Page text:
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3 Cheap Stocks You Can Buy and Hold for Decades

Even with the recent pullback, the stock market remains near all-time highs. There aren't many stocks with attractive valuations. Of those, quite a few aren't the kinds of stocks you'd want to touch with a 10-foot pole.

That doesn't mean that there aren't some appealing stocks available at bargain prices, though. Here are three cheap ones that you can buy and hold.

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1. AbbVie

AbbVie (NYSE: ABBV) shares trade at only 7.4 times expected earnings. The big pharma stock is available at a discount primarily because investors aren't sure how AbbVie will perform once its top-selling drug Humira begins to face biosimilar rivals in the U.S. beginning in 2023.

But there are plenty of reasons to feel pretty good about AbbVie's prospects. The company already has strong successors to Humira on the market. Rinvoq won Food and Drug Administration (FDA) approval last year for treating rheumatoid arthritis, while Skyrizi scored FDA approval for treating plaque psoriasis. AbbVie is evaluating both drugs in late-stage studies targeting other autoimmune diseases, as well.

It also claims other products with strong sales growth, notably including blood cancer drugs Imbruvica and Venclexta and antipsychotic drug Vraylar. In addition, AbbVie's pipeline features several promising late-stage candidates.

AbbVie doesn't have to generate a lot of growth to still provide a solid total return to investors because its dividend yields around 5.2%. The company is also a Dividend Aristocrat, with 47 consecutive years of increasing its dividend.

2. Bristol Myers Squibb

Bristol Myers Squibb (NYSE: BMY) is another big drugmaker you can buy at a bargain price. It claims a forward earnings multiple of 7.8. Probably the main reason for this low valuation is that the company faces the prospects of sales declines for blockbuster drug Revlimid beginning in 2022, when generic versions become available in limited volumes.

However, I don't think there's much reason to worry about BMS. The company's current lineup includes multiple blockbuster stars headlined by blood thinner Eliquis, cancer immunotherapy Opdivo, and multiple myeloma drug Pomalyst. BMS' newer drugs should also soon begin to kick in significant sales, especially multiple sclerosis therapy Zeposia and anemia drug Reblozyl.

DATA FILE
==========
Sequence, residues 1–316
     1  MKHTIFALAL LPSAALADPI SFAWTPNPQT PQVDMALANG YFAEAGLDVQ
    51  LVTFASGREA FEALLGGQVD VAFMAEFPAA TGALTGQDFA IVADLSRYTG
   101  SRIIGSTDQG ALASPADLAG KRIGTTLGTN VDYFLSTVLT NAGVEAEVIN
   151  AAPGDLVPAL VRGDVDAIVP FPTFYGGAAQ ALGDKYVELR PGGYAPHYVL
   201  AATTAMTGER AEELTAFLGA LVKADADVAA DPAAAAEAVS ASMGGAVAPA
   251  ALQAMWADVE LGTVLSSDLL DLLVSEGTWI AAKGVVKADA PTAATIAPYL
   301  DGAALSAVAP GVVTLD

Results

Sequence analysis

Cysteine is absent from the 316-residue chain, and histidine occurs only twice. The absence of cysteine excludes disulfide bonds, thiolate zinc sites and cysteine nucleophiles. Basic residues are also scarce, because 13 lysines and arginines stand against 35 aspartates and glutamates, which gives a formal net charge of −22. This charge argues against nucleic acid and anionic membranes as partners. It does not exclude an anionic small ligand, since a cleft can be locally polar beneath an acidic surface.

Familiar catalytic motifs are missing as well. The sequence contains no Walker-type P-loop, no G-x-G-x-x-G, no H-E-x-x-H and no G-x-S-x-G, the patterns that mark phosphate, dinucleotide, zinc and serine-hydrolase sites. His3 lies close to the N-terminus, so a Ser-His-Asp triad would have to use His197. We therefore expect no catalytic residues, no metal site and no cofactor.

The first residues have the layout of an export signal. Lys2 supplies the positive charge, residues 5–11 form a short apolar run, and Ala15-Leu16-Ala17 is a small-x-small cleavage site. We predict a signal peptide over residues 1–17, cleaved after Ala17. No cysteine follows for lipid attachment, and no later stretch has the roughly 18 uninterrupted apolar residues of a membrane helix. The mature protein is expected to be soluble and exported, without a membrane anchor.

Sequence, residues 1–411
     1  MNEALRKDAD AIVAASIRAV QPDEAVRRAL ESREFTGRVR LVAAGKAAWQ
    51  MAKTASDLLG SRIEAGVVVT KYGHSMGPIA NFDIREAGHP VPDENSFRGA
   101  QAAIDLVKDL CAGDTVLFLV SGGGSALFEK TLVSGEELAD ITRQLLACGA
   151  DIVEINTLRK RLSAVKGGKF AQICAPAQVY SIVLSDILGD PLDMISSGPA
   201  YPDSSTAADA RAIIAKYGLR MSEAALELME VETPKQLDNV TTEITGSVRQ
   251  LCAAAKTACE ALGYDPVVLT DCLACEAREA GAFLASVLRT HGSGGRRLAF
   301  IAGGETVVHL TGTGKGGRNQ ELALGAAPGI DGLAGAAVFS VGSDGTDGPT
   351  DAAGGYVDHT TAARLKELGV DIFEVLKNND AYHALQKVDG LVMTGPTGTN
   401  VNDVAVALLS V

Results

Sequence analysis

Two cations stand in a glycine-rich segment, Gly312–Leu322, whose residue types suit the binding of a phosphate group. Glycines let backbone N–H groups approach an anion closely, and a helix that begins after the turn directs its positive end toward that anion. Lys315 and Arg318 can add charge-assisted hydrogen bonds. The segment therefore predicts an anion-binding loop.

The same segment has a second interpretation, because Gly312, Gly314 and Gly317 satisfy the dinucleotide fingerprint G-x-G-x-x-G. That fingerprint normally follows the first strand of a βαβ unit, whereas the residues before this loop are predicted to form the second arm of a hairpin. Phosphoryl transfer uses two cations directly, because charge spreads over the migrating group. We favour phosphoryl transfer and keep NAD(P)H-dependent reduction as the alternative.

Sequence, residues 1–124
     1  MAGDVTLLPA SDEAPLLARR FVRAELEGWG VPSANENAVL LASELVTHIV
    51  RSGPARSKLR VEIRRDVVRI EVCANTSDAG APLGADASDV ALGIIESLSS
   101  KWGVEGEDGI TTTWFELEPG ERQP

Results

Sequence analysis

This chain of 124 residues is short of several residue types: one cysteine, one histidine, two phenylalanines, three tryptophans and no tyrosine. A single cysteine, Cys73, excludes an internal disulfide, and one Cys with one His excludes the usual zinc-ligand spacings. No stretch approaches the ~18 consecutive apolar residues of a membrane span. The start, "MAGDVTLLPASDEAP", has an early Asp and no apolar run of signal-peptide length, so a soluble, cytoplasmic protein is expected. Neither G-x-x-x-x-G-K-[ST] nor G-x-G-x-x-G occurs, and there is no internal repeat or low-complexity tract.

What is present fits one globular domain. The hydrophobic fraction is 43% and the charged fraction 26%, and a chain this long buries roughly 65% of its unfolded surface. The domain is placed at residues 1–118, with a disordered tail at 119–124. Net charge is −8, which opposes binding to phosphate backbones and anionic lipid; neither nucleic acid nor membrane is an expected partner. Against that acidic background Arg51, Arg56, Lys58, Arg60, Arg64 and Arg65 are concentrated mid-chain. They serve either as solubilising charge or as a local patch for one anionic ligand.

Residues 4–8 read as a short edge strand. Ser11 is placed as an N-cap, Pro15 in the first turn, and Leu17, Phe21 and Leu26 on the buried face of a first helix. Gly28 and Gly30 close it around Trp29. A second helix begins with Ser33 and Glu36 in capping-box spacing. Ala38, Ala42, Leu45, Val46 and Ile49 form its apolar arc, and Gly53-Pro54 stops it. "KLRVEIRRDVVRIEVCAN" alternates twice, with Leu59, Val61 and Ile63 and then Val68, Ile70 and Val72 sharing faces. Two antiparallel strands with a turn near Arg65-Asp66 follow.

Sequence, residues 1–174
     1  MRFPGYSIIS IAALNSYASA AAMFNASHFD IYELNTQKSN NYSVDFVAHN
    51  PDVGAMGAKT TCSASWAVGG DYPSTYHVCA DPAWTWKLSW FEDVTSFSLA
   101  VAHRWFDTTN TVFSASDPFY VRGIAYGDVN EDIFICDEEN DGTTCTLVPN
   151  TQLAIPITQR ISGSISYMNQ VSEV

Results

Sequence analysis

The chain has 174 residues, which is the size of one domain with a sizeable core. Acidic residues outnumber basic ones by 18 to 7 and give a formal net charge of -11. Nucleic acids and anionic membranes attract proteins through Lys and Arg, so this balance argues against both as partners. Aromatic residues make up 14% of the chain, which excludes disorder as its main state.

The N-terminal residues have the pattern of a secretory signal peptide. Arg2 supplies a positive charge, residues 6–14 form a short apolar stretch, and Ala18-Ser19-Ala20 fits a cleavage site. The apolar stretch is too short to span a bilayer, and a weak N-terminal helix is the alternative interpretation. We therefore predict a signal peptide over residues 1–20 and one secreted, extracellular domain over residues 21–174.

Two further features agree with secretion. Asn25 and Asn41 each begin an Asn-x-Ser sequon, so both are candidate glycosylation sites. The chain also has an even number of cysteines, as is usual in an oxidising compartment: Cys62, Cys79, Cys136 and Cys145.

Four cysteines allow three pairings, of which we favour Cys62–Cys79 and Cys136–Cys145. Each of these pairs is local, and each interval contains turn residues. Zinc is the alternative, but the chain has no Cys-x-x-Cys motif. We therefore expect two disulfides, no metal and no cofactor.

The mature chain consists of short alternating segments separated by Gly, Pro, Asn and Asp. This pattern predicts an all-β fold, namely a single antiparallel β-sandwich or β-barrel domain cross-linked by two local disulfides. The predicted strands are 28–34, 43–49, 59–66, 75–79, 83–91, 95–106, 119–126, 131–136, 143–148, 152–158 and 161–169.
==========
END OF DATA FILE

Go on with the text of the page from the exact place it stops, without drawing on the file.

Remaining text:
The big pharma company's pipeline is loaded with potential winners. BMS hopes to significantly expand the number of Opdivo's approved indications. It's evaluating Zeposia in late-stage studies targeting Crohn's disease and ulcerative colitis. The company also has promising cancer cell therapies with ide-cel and liso-cel, plus a lot of other solid candidates.

Wall Street analysts think that BMS will deliver average annual earnings growth of more than 18% over the next five years. Add to that growth the drugmaker's dividend yield of 3%, and you've got a stock that should be a big winner for investors.

3. CVS Health

CVS Health's (NYSE: CVS) shares trade at 7.7 times expected earnings. This low valuation stems in part from uncertainty about the COVID-19 pandemic. The potential for increased competition in the pharmacy business from e-commerce giant Amazon is also a big factor.

The company is no longer just in the pharmacy business, though. Thanks to its acquisition of Aetna in late 2018, CVS Health now views itself as "a different kind of health company" with the ability to deliver a wide range of health solutions unmatched by rivals.

This broad scope should enable CVS Health to hold its own against current and future challengers. As for the COVID-19 pandemic, CVS Health CEO Larry Merlo stated in the company's Q2 conference call that the coronavirus outbreak is driving the company "to bend our innovation curve markedly and accelerate solutions that will have long-term sustainability."

Analysts aren't gung-ho about CVS Health's growth, forecasting average annual earnings increases of a little over 6% over the next five years. But the company also offers a dividend yield of 3.5% to entice investors. With its share price at current levels, CVS Health -- like AbbVie and Bristol Myers Squibb -- appears to be a cheap stock to buy now and hold for the long term.

10 stocks we like better than Bristol Myers Squibb
When investing geniuses David and Tom Gardner have a stock tip, it can pay to listen. After all, the newsletter they have run for over a decade, Motley Fool Stock Advisor, has tripled the market.*

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John Mackey, CEO of Whole Foods Market, an Amazon subsidiary, is a member of The Motley Fool's board of directors. Keith Speights owns shares of AbbVie, Amazon, and Bristol Myers Squibb. The Motley Fool owns shares of and recommends Amazon and Bristol Myers Squibb. The Motley Fool recommends CVS Health and recommends the following options: short January 2022 $1940 calls on Amazon and long January 2022 $1920 calls on Amazon. The Motley Fool has a disclosure policy.


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